payees←⎕new #.PAYEE (0 'Ned''s Bakery')
payees,←⎕new #.PAYEE (0 'Millie''s Millinery')


payees.(Id Name)
440 Ned's Bakery
441 Millie's Millinery

And it's used within DogMoney in a quite traditional APLish way. Add new payees, delete unwanted ones, and so forth. In many ways payees is “just another variable”, albeit with some characteristics that traditional variables don't have – characteristics that make program code just that little bit more “literate”.

A Keyed Class – Foreign Exchange Rates

Foreign exchange rates are a little more complex, we really want to get straight to the nub of “how many dollars can I get for a pound?” (as usual, I'm being optimistic here).

:Class FOREX
Foreign Exchange
Sample use....
fff←⎕new FOREX ''
fff.Values[⊂'USD']←⊂'US Dollar' 1.97 20080108
fff.Values[⊂'EUR']←⊂'Euro' 1.33 20080108

:Field Private code
:Field Private name
:Field Private rate
:Field Private date
:Field Public Shared LastRefresh←20080108

Create w
:Access Public
nts Constructor

:Property Keyed Values
:Access Public Instance

z←get w;index
z←index{⍺⊃¨⍵}¨⊂name rate date

set w;key;index
:If key∊code
name rate date←name rate date,∘⊂¨⊃w.NewValue


:Property Keyed Rate
:Access Public Instance

z←get w


:Property AllCodes
:Access Public Instance



Delete w;sel
:Access Public
code name rate date←(⊂sel)/¨code name rate date


Again, once it's figured out, the code is straightforward and easily built into the application. A personal beef here, that in Version 11 Dyalog gave us an indexing function with one hand, then with the other said we couldn't use it for keyed properties.

A Hybrid – Transactions

When exploring object-oriented programming languages like Smalltalk the avid APLer is inclined toward creating a class called something like “APLArray” and a host of methods to work on it. Sometimes working with classes within APL there's an inverse tendency to lurch back toward arrays and array methods when there might be something more purist.

Consider how we need to store transaction data – there are a lot of transactions, and each one needs pretty much the same data structure as the rest. A matrix of transactions just “feels easiest”. So, what might we put into a Transactions class?

Transaction Class
TransMatrix columns
0 id
1 ref
2 date
3 account
4 payee (payee for types D W, account for type T)
5 category
6 amount
7 type (D W T)
8 reconciled

:Field Public TransMatrix ⍝ Just to make corrections while developing code?
:Field Public Shared LastTransactionId

:Property Account
:Access Public



:Property Amount
:Access Public



[ ... ]

z←AccountBalance w;trans
:Access Public

Balance for a given account (Id)
z←+/6⌷[1]AccountTransactions w

z←AccountTransactions w
:Access Public

Matrix of transactions for a given account (Id)

Create w
:Implements Constructor
:Access Public
TransMatrix←0 9⍴⍬

Append w
:Access Public

Delete w;sel
:Access Public

Delete transaction with id <w> (and related splits/transfers)

z←Detail w
:Access Public


Sometimes it's simplest for the application code to go straight to the matrix, sometimes those little functions like AccountBalance make the application code clearer. At this time it's not really clear whether to continue accessing the matrix, or whether to write little method functions for everything – is the APLer clinging to the lamppost of life support? The only way to resolve this dilemma seems to be “write more code and it'll become clear”.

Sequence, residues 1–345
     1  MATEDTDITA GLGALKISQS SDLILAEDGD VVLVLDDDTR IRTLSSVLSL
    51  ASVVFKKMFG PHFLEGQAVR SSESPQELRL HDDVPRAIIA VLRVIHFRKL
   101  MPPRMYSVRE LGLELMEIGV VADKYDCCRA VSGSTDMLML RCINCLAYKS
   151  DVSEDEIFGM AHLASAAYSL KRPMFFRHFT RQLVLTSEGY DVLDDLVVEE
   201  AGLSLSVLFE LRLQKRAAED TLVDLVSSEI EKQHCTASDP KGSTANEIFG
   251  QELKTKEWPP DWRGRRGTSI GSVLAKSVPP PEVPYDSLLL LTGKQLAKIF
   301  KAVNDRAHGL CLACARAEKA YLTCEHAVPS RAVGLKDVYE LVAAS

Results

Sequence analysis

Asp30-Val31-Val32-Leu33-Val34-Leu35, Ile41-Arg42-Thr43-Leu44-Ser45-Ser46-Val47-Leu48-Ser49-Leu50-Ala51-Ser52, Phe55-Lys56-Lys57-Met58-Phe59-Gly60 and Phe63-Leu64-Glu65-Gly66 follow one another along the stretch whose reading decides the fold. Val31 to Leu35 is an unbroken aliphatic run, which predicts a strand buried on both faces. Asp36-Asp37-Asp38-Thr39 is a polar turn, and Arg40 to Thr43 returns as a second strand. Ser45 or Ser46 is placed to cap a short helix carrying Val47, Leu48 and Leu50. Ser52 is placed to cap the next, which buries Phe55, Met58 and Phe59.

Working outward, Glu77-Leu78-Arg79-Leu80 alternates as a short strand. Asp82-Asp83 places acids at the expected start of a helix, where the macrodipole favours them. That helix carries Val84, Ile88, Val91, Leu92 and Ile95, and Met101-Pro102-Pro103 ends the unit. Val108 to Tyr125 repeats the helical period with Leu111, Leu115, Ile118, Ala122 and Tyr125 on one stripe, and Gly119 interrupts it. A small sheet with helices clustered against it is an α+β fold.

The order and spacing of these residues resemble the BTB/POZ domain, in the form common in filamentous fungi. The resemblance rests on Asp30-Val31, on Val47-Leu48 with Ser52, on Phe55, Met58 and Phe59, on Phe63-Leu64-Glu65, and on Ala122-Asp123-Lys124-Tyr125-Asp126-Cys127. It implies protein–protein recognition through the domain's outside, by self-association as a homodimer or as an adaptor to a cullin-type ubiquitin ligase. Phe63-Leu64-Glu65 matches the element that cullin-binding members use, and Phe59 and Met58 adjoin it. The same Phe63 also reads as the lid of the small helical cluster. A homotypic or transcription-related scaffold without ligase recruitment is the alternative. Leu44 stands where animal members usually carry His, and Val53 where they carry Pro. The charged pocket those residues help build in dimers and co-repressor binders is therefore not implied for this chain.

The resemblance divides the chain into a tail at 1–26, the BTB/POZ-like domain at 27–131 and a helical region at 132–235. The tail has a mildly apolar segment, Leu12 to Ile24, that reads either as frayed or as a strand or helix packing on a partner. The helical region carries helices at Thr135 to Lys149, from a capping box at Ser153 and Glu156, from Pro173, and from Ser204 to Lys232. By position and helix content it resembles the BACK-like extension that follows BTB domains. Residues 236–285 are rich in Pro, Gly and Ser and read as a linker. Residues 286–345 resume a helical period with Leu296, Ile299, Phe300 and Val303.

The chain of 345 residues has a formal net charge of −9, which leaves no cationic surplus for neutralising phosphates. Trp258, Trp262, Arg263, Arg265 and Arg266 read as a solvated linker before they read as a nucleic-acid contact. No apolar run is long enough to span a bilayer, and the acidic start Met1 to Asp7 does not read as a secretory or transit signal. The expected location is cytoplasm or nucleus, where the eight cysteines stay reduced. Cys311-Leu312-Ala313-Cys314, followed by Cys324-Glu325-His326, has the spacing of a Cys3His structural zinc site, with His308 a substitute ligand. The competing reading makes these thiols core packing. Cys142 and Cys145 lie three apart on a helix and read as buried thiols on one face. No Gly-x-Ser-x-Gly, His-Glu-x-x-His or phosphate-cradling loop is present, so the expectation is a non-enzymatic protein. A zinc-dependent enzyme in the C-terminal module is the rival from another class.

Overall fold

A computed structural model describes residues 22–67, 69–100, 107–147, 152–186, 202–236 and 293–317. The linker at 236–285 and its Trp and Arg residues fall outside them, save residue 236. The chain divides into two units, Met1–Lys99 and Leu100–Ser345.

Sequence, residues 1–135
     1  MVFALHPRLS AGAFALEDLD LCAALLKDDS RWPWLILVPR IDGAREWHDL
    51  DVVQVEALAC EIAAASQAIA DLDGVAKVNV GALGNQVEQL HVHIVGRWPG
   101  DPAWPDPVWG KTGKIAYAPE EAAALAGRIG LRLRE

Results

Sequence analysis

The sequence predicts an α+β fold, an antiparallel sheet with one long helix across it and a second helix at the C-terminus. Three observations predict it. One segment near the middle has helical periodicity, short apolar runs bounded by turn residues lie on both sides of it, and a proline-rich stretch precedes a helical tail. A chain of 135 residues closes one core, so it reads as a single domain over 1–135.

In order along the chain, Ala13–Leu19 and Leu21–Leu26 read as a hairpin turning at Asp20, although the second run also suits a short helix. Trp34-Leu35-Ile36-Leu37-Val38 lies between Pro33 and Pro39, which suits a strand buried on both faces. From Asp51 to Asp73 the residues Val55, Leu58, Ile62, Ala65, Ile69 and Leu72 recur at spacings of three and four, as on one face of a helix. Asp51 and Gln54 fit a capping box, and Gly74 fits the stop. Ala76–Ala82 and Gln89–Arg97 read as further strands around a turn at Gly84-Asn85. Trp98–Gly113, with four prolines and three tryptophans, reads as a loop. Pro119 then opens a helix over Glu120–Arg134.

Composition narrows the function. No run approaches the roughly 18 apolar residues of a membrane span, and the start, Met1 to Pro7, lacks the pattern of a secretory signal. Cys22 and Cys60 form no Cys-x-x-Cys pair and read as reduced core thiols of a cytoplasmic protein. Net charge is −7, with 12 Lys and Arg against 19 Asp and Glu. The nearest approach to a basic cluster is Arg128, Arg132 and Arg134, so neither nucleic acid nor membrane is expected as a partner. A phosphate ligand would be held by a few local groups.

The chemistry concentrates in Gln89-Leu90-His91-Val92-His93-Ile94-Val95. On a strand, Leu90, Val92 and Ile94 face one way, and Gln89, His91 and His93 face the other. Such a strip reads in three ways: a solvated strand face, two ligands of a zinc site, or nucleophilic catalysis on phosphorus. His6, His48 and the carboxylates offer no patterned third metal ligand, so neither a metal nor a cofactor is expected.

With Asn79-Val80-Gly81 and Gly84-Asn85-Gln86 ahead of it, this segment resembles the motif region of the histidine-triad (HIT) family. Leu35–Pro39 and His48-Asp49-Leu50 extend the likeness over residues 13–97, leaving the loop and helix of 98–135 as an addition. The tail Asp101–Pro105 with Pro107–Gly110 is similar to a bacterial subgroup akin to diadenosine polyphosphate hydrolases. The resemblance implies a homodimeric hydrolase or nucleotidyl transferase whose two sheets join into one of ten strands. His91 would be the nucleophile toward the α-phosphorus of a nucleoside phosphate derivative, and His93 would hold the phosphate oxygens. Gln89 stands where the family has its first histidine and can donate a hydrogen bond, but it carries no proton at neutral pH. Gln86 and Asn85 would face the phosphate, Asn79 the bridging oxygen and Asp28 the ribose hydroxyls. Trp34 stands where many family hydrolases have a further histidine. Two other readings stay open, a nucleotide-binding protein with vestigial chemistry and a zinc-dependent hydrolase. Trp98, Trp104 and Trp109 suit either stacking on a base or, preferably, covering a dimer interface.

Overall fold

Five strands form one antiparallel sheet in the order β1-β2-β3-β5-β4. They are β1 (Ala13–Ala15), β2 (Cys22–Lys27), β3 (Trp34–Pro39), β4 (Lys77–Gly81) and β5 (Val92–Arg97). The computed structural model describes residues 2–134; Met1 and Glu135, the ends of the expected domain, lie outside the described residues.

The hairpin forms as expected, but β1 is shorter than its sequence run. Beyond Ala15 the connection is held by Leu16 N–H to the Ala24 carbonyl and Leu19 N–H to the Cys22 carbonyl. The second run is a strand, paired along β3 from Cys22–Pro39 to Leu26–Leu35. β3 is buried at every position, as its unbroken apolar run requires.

Notice that while our earlier “data class instances” were variables containing namespaces, this time we have a namespace containing variables.

Storing Class Data to File

Clearly we need to keep application data in some sort of file, and a component file seems adequate (we can get data in and out of DogMoney using standard interface file formats – which aren't adequate for operational use, and there's no need to share the working files with other applications).


'c:\dick\temp\oo.dycf'⎕FCREATE 22
payees ⎕fappend 22
payees ⎕FAPPEND 22

So we'll have to convert our data into a form that will go into a file...

mf←⎕NEW #.UTIL.DogComponentFile(filename'shared')
[ ...]
mf.Replace 12(#.DATA.Types.(Id Name))
mf.Replace 13(#.DATA.Categories.(Id Name Tax))
mf.Replace 15(#.DATA.Payees.(Id Name)

And read them back again...

payees←⊃mf.Read 15
:For payee :In payees
#.DATA.Payees,←⎕NEW #.CLASSES.PAYEE(1,payee)

Which explains the case statement on our PAYEE definition...

And advice from bitter experience – avoid any temptation to store ⎕ORs on file...

Scripts Without SALT...

DogMoney-specific code is held in the workspace – change the code, change the workspace.

But there's a lot that's common to other applications, and (in development mode) this code is saved as namespace scripts and read/fixed at startup (any changes to this code are detected when the application closes down and may be saved at this time).

SALT could have been used, but isn't. The core code for reading namespace scripts from file is straightforward...

DogBoot w;⎕IO;⎕ML;tie
Boot DogLoader from file
IO ⎕ML←0 3
tie←w ⎕NTIE 0

FIX{(~⍵∊⎕UCS 13)⊂⍵}1↓⎕NREAD ¯1 160(⎕NSIZE tie)0
-------- To write namespace script to file... -------------------
'c:\dick\mycode\dyalog12\tools\dogloader.dogalog'⎕NCREATE ¯1
¯1 ¯2 ⎕nappend ¯1 83
(∊(⎕SRC #.DogLoader),¨⎕UCS 13)⎕NAPPEND ¯1 160
⍝ ⎕nuntie ¯1

All else is embellishment...

When not in development mode the code is locked and loaded in the workspace (could be made into an executable...).

So What Have We Found Out?

Even making allowances for misunderstandings of concepts and syntax, Dyalog's object-oriented extensions have broadened the expressive power of APL.

And above all...

Even elderly APLers can do this stuff...

Further Notes: